We use them daily. They are an essential part of communication. Saying them out loud, writing them down, reading them, comprehending them; we receive constant word training from the time we’re born. In school, we not only have classes about these subjects, we utilize them in every other class we take. Reading is an essential and unavoidable part of everyday life.
In May 2011, KSL published an article entitled ‘The Importance of Reading with Children.” The author, Cecily Markland, cites research from the National Institute of Child Health and Human Development (NICHD) stating,
“Reading is the single most important skill necessary for a happy, productive, and successful life. A child that is an excellent reader is a confident child, has a high level of self esteem and is able to easily make the transition from learning to read to reading to learn.”
Sadly, the NICHD estimates that 10 million children struggle with reading and 10 to 15 percent of these youth eventually drop out of high school. When you consider the factors discussed in the post last week about addressing factors that commonly lead to dropping out of high school, it’s no wonder that reading struggles put young people at a significant disadvantage in school and higher risk for dropping out.
Work being done in schools is helping young people read to learn—the process of utilizing words one knows and understands in order to derive meaning, while making connections to other things one already knows. This applies as much to reading textbooks, as reading street signs or text messages. As with other language skills, it is learned most easily in childhood.
The KSL article quotes the “Guide to Reading Aloud to Your Children” created by the nation’s largest nonprofit children’s literacy organization, Reading is Fundamental.
“[By reading aloud with your children] you are helping them become better readers, better listeners and better students. You are also helping them build vocabulary and language skills and helping them gain knowledge about the world around them.”
Neatly aligned is a statement from a Federal Interagency Forum on Child and Family Statistics report, stating “Reading to young children promotes language acquisition and correlates with literacy development and, later on, with achievement in reading comprehension and overall success in school.”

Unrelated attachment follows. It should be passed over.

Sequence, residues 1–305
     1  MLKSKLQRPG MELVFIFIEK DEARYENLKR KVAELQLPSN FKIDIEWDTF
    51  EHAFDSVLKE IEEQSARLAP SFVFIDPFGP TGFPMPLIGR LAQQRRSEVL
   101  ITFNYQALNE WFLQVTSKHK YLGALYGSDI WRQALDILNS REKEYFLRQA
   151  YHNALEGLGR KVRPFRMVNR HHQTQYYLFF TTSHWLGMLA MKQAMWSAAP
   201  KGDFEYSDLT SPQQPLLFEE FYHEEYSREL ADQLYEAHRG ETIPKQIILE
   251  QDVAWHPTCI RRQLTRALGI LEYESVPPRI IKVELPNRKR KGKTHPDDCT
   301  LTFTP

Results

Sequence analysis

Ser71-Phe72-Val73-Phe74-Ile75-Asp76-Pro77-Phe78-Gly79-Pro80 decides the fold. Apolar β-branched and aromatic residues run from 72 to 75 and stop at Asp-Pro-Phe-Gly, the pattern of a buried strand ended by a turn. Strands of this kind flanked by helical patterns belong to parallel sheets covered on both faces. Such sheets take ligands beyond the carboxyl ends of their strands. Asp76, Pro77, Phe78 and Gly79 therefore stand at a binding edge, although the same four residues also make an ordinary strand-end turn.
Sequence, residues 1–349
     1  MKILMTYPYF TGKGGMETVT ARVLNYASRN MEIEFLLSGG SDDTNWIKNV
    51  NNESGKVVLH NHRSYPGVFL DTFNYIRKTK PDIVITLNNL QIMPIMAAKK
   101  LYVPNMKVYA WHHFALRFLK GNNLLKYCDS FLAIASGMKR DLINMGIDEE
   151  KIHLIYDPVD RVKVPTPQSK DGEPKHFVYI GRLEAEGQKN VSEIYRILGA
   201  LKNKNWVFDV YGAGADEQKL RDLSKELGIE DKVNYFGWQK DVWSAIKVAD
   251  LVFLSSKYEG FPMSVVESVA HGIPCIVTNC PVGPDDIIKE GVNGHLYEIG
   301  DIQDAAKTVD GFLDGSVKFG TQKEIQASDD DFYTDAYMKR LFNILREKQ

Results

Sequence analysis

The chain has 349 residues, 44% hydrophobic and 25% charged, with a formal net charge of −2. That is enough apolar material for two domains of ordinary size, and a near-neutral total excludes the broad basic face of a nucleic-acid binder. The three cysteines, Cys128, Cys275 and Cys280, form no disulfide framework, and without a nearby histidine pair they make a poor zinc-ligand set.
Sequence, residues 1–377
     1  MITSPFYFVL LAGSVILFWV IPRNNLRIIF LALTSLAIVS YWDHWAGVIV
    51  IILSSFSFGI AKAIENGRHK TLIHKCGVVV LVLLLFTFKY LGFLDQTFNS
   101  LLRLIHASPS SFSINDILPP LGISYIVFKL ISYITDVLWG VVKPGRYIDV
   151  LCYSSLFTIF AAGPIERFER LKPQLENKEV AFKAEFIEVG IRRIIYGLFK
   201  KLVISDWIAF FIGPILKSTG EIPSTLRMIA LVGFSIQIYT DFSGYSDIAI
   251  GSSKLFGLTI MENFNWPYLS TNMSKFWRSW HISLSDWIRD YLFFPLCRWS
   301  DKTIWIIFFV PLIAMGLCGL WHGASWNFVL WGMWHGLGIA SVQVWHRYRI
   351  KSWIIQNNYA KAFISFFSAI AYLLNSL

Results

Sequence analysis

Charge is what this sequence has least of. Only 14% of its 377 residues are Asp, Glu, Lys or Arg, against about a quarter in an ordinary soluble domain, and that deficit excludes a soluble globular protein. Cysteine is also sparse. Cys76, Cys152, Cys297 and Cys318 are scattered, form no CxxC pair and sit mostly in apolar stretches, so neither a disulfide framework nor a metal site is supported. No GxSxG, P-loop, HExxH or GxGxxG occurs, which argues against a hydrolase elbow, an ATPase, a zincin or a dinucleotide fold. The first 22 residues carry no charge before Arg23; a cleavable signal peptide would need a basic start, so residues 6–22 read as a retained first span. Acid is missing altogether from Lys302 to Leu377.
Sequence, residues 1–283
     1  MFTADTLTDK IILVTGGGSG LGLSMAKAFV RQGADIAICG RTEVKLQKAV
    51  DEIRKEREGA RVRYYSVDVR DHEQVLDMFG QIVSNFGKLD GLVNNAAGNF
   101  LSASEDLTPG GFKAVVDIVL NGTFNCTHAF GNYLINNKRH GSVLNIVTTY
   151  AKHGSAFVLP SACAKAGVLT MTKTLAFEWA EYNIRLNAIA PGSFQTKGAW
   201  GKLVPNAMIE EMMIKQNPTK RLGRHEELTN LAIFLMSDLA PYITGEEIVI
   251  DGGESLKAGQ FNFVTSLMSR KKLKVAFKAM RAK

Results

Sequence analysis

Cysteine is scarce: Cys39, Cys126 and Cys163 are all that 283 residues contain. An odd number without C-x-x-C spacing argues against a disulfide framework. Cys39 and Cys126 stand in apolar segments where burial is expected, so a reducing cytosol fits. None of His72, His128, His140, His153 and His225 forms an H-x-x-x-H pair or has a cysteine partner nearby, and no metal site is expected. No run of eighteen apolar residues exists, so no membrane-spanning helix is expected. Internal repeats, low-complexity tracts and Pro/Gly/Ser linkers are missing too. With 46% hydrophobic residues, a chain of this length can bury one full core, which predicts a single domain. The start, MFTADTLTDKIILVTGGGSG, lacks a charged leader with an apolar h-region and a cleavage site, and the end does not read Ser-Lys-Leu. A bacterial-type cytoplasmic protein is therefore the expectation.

In further agreement, the Literacy Connections website explains, “U.S. Department of Education analysis found that children who were read to at least three times a week by a family member were almost twice as likely to score in the top 25 percent in reading than children who were read to less than three times a week. Just like physical exercise, there are cumulative benefits when you do something regularly.”
I can attest to this from personal experience. In third grade, my teacher was concerned with my reading comprehension. Sure, I could read the words. I was great at that. My mom began teaching me how to read when I was three years old. By third grade I was capable of reading books that middle school students were being assigned. The issue was retaining information I’d read, particularly in non-fiction books. I was assigned to read a biography of Abraham Lincoln, and I struggled through it. In a parent teacher conference, it was decided that I needed to do all of my reading homework aloud with my parents. As I read they would ask me questions about what I was reading: a frustrating exercise, which I stubbornly insisted I didn’t need. The results, however, were remarkable. My reading comprehension scores showed marked improvement, as did the rest of my schoolwork. I am confident those long hours I spent practicing reading in third grade have impacted the rest of my life.
On their website, Reading is Fundamental says that books can encourage children to “follow their dreams and achieve their potential.”
“Yes, it seems incredible for a book to launch a life, but it happens every day as hungry, inquisitive young minds reach out and grab hold of the new people, places and ideas that books bring to them.”
This is true within our clubs. While each of the ten program sites approaches reading at the discretion of the site director, it is an important component of the Clubs. Most recently, it was exciting to see the book clubs happening at the Amelia Earhart Elementary Club. Students there have the chance to read together with one of the club staff, and work on different activities and exercises that help them with their reading. The skills and strategies they’re learning will benefit them throughout their lives.
Here at the Boys & Girls Clubs of Utah County, we take reading seriously, because we know that reading skills are a key to building a bright future and we know that great futures start here.